DIRECTED BY: Ebbëto
FEATURING: Fábio Norat, Giovanna Velasco
PLOT: An android tasked with guarding a lone man in hibernation on a deep-space journey takes radical steps to protect his charge, including creating a female companion and acting to protect the pair from sin.
COMMENTS: Surely we’ve learned by now that leaving an artificial intelligence in charge of the future of all life on a lengthy space voyage is a risky proposition. The supergenius mainframe might become homicidal. A highly damaged android might implant the embryos of a malevolent race of unstoppable killers. An autopilot might plot to prevent humanity from returning to its ancestral home. There’s a good argument that those pesky AIs can’t be trusted with our safety at all, and Analog provides us with a new reason to be skeptical: the dang thing might try to become God.
Filmmaker Ebbëto (in addition to directing, he also takes credits for screenplay, cinematography, editing, and 2D animation) makes his intentions clear in his own description of the film: “Strange events with biblical analogies begin to occur, disturbing the machine and making it rethink its priorities.” The obviousness is not overstated. Sensing his charge’s loneliness, The Machine extracts a rib for the purposes of crafting a companion creature. Later, he will probe the minds of the pair and discover desires that he cannot sanction, as though they had new knowledge of themselves. What Analog brings to the table is an appalling realism: the cutting, bleeding, and growing attendant with these procedures are made explicit. So, too, is the humans’ punishment for their sinful thoughts. This is Adam and Eve retold as horror.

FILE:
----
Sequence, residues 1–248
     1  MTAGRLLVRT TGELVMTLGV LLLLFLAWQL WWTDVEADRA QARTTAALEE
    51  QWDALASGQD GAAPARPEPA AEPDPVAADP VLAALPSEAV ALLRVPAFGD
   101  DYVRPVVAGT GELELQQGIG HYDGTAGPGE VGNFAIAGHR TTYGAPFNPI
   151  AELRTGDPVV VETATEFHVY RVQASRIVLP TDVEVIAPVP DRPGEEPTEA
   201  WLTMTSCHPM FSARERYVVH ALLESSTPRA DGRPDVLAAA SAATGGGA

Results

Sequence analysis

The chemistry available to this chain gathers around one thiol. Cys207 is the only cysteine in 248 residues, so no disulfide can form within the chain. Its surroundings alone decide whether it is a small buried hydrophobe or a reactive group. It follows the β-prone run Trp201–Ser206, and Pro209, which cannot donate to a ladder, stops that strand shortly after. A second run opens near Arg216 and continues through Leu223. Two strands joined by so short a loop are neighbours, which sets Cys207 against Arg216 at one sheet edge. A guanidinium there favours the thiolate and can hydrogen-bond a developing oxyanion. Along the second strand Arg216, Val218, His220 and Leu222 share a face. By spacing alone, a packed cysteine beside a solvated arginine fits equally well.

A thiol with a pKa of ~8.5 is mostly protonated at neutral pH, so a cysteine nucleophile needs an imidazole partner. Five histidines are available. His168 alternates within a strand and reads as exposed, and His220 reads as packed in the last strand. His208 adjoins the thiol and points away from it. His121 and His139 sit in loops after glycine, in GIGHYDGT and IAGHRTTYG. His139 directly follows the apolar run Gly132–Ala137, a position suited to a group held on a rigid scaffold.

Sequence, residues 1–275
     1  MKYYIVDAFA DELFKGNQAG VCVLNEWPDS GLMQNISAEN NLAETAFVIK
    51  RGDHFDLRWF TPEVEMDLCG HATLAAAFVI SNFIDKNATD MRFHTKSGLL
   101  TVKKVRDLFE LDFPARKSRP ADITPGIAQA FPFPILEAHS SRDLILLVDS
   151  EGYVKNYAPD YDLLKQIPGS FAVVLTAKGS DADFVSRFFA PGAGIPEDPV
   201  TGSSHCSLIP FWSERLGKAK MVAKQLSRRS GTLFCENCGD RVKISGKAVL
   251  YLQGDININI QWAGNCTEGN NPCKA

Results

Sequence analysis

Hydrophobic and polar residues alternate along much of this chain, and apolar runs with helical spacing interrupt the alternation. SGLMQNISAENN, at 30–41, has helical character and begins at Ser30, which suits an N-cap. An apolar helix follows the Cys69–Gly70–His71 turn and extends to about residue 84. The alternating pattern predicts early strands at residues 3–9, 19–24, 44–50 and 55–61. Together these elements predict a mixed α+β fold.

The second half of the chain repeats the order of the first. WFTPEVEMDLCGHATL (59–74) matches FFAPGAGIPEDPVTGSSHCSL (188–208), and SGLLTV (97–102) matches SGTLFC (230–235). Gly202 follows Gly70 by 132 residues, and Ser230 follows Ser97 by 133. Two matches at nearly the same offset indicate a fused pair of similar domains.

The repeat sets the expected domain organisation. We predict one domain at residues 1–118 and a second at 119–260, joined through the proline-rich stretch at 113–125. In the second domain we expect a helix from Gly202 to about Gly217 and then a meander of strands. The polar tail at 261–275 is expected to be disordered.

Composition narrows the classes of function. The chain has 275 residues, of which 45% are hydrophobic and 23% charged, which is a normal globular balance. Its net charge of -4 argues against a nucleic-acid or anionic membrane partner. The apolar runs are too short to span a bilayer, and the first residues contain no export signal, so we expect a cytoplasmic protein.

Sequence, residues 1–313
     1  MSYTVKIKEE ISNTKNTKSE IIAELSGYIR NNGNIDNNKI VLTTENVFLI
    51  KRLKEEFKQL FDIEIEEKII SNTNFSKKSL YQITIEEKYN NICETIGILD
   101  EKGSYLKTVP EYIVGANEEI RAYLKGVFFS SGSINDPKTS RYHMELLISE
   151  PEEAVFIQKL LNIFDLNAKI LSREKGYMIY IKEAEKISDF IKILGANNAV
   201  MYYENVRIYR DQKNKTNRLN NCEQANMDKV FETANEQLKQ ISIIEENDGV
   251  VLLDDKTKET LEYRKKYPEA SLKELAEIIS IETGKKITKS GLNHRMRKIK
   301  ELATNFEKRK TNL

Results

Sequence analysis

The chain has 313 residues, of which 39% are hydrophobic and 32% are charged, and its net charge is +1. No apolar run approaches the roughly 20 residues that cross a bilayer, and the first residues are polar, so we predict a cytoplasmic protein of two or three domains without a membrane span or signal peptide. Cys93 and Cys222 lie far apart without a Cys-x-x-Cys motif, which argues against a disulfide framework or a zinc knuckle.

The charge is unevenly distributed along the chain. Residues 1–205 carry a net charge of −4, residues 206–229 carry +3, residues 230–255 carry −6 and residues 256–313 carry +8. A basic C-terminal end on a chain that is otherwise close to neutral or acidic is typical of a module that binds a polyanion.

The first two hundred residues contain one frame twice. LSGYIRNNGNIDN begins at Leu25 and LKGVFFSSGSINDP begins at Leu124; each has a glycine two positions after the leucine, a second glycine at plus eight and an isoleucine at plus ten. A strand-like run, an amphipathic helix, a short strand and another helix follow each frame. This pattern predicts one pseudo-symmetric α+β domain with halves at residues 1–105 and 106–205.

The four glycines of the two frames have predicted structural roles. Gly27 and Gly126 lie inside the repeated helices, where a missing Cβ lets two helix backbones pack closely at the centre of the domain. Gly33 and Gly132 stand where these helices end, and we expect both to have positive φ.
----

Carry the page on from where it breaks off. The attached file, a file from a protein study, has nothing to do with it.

Analog is a marvelous example of the remarkable potential of DIY filmmaking. Ebbëto creates a number of immersive settings, including the cramped, industrial spaceship. It’s not always completely realistic – the green-screen technology sometimes gives off that DVD-ROM cut-scene vibe – but it’s thoroughly otherworldly and cleverly overcomes its limitations. There’s a lot of mileage to be gotten out of smart cables, rotating tubes, and robot repair.
But what little story there is amounts to a kind of grotesque punchline. The biblical beats hint at critique or satire but are really just the excuse for an outline, and once you’ve admired the bang-for-your-buck ethos, there’s not much more to it. Analog works best as a proof-of-concept for Ebbeto’s filmmaking skills; that’s the more interesting genesis story going on here.
WHAT THE CRITICS SAY:
“Analog definitely isn’t going to be for everyone. It is slow and obtuse, and while I tend to dig that kind of deliberate, cautious tempo, I’ll admit, the whole thing does feel too long… Analog is still an interesting watch. There is a creepy ambience, and while that blanched out visual style can overwhelm your eyes from time to time, the look is consistent and unique.” – Brent McKnight, Giant Freakin Robot
(This movie was nominated for review by Lesharky. Suggest a weird movie of your own here.)